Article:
Is this chart on the right, from the Washington Post, good news or bad? On the one hand, teen cigarette use has plummeted from 16 percent to 9 percent over the past four years. On the other hand, the total rate of teen smoking—cigarettes plus e-cigarettes—has risen from 17 percent to 22 percent. The rise in e-cigarette use spiked especially sharply in 2014, more than tripling in a single year.
I’ve heard pros and cons about e-cigarettes for the past couple of years, and I can’t say I have a settled opinion about them. Taken in isolation, it’s safe to say that no kind of nicotine delivery system is good for you. But traditional cigarettes are certainly more harmful than e-cigarettes, so to the extent that vaping replaces tobacco smoking, it’s a net positive.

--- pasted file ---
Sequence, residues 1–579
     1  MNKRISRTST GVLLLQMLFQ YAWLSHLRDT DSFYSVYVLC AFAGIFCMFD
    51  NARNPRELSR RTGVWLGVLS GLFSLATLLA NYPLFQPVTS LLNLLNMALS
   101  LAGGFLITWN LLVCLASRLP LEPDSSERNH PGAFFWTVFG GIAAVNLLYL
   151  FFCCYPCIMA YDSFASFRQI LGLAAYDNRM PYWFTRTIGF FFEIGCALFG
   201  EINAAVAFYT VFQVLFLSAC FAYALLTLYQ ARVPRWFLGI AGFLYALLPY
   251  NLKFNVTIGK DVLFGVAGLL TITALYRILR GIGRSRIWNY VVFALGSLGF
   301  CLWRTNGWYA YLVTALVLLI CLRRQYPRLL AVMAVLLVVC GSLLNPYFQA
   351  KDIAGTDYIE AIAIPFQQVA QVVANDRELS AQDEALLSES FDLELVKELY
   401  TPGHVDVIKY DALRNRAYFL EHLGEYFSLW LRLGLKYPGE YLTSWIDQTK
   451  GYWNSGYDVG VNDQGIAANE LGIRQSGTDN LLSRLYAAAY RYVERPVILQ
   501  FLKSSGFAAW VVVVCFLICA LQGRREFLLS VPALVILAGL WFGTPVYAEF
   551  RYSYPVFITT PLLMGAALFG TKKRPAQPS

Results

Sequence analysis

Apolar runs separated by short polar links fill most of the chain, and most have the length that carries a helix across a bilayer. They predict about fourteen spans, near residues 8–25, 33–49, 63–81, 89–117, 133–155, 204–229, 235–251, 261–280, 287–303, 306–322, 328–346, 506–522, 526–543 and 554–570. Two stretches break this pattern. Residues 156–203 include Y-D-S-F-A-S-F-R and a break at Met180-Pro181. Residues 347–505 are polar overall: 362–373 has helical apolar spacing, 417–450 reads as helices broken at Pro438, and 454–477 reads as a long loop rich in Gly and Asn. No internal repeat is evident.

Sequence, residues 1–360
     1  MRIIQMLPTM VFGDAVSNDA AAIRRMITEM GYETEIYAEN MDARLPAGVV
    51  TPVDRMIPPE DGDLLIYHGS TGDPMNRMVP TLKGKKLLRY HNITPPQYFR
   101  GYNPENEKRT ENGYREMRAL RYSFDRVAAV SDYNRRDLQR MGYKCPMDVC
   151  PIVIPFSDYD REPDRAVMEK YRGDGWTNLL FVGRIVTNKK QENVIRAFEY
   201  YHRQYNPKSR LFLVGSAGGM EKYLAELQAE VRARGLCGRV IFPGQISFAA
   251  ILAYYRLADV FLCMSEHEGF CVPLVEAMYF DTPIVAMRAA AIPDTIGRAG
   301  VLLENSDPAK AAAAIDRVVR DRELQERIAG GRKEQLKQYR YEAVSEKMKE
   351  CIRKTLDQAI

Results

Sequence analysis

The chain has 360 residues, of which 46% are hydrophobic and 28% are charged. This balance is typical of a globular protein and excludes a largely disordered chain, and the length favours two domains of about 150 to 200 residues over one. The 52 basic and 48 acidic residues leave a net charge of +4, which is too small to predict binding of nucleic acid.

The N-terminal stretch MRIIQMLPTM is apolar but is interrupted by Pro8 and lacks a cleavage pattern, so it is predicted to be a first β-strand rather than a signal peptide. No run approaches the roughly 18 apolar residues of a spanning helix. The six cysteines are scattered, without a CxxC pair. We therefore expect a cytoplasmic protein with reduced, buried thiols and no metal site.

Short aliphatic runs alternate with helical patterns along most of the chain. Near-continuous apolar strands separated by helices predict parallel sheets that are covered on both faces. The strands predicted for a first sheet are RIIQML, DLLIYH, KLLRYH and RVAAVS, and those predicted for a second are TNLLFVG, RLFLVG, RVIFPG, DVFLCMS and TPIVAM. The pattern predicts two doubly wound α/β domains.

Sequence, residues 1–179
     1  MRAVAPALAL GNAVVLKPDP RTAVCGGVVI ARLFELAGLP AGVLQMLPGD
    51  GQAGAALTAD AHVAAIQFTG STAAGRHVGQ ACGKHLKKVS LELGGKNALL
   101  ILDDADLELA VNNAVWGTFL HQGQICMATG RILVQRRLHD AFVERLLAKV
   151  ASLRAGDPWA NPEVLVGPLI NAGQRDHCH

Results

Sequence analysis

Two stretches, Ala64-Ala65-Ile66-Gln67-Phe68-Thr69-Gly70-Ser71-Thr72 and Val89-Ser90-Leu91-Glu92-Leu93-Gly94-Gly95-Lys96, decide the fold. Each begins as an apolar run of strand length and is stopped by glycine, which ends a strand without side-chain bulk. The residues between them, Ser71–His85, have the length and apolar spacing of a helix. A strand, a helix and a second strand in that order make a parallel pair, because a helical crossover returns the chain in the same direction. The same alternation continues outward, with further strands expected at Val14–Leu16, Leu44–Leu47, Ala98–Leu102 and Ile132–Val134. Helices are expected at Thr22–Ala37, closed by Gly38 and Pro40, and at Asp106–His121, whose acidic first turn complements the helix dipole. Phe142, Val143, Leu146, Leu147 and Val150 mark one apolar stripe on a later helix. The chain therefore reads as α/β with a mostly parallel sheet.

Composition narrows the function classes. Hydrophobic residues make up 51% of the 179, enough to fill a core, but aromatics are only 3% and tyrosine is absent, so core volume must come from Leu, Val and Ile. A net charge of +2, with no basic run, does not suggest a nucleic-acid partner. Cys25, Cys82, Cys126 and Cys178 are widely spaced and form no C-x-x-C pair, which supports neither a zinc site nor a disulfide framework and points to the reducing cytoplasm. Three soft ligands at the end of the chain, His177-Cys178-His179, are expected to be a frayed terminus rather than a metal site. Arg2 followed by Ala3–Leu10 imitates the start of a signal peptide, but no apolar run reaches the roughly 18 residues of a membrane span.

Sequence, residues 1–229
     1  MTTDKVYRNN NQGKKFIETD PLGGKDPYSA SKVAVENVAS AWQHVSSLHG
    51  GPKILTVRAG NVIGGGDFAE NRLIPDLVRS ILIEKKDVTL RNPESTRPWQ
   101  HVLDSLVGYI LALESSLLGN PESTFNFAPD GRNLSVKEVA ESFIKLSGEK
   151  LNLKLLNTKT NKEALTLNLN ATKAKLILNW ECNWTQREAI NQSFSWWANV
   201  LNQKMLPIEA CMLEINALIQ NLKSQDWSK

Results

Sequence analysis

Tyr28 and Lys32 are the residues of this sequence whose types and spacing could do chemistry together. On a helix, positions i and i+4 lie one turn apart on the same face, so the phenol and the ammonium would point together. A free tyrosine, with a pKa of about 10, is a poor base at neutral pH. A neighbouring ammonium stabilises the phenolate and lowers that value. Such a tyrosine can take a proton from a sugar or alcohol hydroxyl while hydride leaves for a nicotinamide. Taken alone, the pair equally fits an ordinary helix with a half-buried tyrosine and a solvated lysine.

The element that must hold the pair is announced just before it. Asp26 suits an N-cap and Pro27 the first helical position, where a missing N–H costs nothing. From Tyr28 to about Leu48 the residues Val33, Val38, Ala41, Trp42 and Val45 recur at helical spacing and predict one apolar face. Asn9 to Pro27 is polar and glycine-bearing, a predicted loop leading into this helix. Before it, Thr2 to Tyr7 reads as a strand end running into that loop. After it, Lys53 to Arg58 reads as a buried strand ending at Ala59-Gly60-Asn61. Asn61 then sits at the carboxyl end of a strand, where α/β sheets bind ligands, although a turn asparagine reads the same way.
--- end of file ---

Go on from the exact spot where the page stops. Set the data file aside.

But that huge spike in 2014 is cause for concern. At some point, teen vaping starts to look like a serious net negative even if it’s accompanied by a small drop in traditional cigarette consumption. I’m still not sure what to think about this, but I’d say these latest figures from the CDC move my priors a bit in the direction of stronger regulation of e-cigarattes.
And if you don’t live in California and are wondering what the fuss is over my state’s anti-vaping campaign, here’s the ad that’s been assaulting my TV for the past couple of months. It’s paid for by revenue from good ol’ Proposition 99, I assume.